To Harm, or Not To Harm, That Is The Question

 "Whatever you are doing, love yourself for doing it. Whatever you are feeling, love yourself for feeling it."  – Thaddeus Golas

"Whatever you are doing, love yourself for doing it. Whatever you are feeling, love yourself for feeling it."  – Thaddeus Golas

Ahimsa, you are by far one of the hardest Yamas to practice and probably the most important one to get.

Oh, how far I've come.  Let me just explain a little how ahimsa relates to yoga and where I'm going with all this.  In yoga training we were taught the eight limb path also known as Ashtanga and these eight steps are there to guide you on living a life of purpose and meaning.  I teach yoga at a gym and you would think that the students are mainly there to stretch; nope, a good majority of them have told me that they love the philosophy I've introduced them to.  I love it too!  So, we started last night with Ahimsa and now every week we will go over another Yama leading us to the Niyamas...then the rest of the six steps.  

The yamas and the niyamas are ethical guidelines, much like the ten commandments of yoga.  I do have a previous post on all the Yamas and Niyamas if your interested in looking at them as a whole, right now we are going to focus on one.  
Just to put everything in context, here are the eight limbs-  

  1. Yamas-  (Ethical disciplines)
                    Ahimsa- non-harm
                    Satya- Truthfulness
                    Asteya- non-stealing
                    Brahmacharya-  moderation
                    Aparigraha- non-possesiveness
  2. Niyama- (Rules of conduct)
                    Saucha- purity
                    Santosha- contentment
                    Tapas- self discipline
                    Svadhyaya- self study      
                    Ishvara pranidhana- surrender to God's will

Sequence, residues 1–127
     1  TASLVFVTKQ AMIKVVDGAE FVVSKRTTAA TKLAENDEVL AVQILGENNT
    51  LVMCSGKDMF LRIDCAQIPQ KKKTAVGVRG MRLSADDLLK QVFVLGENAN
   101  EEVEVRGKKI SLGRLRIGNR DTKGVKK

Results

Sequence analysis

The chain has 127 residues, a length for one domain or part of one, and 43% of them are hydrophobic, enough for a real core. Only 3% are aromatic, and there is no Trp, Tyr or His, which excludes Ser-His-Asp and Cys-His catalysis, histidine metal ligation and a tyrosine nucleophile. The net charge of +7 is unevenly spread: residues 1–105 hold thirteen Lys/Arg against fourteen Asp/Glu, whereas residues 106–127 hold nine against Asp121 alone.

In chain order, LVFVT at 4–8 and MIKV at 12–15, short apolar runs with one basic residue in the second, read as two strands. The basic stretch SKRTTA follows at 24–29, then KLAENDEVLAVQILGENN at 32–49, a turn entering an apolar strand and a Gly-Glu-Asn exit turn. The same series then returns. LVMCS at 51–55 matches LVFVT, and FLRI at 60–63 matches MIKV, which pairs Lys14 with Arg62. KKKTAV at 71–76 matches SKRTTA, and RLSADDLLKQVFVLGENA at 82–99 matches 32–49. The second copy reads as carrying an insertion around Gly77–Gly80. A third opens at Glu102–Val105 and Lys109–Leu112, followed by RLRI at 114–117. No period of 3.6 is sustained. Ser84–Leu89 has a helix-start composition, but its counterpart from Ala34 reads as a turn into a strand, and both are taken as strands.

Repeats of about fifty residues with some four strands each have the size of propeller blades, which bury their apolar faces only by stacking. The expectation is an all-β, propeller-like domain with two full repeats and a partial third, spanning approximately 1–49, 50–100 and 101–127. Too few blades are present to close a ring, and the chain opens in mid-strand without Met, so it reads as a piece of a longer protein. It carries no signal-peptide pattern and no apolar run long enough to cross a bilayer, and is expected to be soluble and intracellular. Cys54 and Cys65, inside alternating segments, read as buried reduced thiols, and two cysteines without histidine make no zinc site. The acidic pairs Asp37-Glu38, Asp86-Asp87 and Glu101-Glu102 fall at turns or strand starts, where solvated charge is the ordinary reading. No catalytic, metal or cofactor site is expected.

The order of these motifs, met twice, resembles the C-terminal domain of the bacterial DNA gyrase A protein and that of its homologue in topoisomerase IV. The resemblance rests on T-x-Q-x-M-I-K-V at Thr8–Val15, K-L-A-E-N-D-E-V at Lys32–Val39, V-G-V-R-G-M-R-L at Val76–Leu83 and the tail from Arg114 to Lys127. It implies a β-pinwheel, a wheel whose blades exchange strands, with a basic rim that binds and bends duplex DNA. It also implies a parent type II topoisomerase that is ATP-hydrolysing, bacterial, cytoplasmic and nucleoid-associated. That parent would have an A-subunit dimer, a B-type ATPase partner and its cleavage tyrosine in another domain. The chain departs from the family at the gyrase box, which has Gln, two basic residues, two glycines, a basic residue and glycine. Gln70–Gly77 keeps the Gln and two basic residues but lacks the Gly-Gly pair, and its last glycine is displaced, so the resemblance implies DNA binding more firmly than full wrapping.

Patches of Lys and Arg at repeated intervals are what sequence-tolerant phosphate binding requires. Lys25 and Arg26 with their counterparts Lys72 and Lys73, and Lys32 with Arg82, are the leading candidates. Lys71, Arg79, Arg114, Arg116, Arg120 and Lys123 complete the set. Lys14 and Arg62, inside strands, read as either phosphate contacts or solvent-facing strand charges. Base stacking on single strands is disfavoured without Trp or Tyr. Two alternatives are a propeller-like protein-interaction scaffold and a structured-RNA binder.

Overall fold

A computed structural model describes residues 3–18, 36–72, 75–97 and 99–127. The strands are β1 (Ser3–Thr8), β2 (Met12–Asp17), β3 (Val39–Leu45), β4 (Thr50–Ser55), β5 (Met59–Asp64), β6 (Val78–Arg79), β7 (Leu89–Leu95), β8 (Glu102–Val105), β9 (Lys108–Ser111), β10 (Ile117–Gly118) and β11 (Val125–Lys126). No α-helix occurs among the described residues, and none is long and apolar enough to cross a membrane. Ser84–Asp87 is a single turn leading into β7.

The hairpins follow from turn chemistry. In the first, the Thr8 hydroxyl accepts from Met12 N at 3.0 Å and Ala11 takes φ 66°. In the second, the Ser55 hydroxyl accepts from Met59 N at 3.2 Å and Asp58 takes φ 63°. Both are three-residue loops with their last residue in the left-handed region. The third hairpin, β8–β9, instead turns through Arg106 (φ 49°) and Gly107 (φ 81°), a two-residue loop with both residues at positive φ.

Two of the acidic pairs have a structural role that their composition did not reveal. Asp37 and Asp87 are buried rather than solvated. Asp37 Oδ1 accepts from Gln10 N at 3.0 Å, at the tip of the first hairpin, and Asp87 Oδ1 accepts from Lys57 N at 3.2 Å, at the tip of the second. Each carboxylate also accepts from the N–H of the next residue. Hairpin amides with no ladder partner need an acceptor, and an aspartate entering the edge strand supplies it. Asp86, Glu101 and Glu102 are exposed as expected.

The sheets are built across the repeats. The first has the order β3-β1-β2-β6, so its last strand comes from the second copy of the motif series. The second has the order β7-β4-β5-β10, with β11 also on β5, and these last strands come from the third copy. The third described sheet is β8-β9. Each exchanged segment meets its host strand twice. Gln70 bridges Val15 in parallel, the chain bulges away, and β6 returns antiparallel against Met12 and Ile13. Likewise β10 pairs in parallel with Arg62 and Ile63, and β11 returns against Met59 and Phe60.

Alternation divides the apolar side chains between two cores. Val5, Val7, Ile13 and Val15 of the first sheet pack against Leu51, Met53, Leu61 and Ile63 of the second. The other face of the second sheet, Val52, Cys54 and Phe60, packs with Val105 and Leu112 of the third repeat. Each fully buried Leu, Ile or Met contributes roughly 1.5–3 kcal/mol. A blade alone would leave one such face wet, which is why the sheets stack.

3. Asana-  Posture
  4. Pranayama-  Breath control
  5. Pratyahara-  sense withdrawal
  6. Dharana-  Concentration
  7. Dhyana-  Meditation
  8. Samadhi-  Superior conscience/state of ecstasy

Ahimsa (non-harm) is about practicing non-violence in your thoughts, your words and your deeds... not only towards yourself, but all living creatures.  I try my best to start class with this reminder, do no harm to yourself, listen to your body and back off when you feel pain. 

Try for a day or maybe a week, to take the time to be mindful of how you are treating yourself and others.  Showing compassion for exactly who you are, the good and the bad.  I personally believe the most important first step is with your thoughts and how you feel about yourself.  It all starts there.  Try to catch yourself when you are being self-critical, judgmental, and just going straight to the negative talk.  Witness it; honor those thoughts; don't believe them; send yourself love, and just let that negativity go.  Deep breaths help.  Also thoughts of anger, jealousy, resentment towards others have a profound affect on our being.  All these negative thoughts to ourselves and others only cause a storm of chemicals in our body that only end up hurting us.  So practice compassion.

Once you've practiced some self-love and deep observation, then you might want to move onto how you talk to others and what energy is behind your deeds.  People feel energy from you; like when you are doing something nice for them, but are doing it with an attitude... they can feel that. Be aware of your energy.
   
The devout yogi's practice abstaining from any animal products.  Notice how you feel with the absence of meat in your diet and you never know - you might just love it.  I've been practicing yoga for many years and I'd love to say I'm a full-blown vegetarian, but I'm not.  I do go most days and weeks without meat consumption, and then maybe a few days out of the month I eat some turkey or chicken.   Listen to your body and when the time is right (if it ever is), that need to eat meat will just fall away, with very little struggle.  I'm just not there completely yet.  I'm practicing ahimsa, but not beating myself up over it. 

Bottom line is:  Love every part of your being and that love will then spread out all around you, then be reflected back to you.  It has a great rippling effect.  

Be kind to yourself
 Bow Pose

Bow Pose

Bow pose is a great asana to practice with ahimsa in mind.  It's a heart opener dealing with the fourth chakra, which is all about an open heart, unconditional love, compassion, forgiveness, and leading life fearlessly.  

Ahimsa is an attribute of the brave. Cowardice and ahimsa don’t go together any more than water and fire.
— Gandhi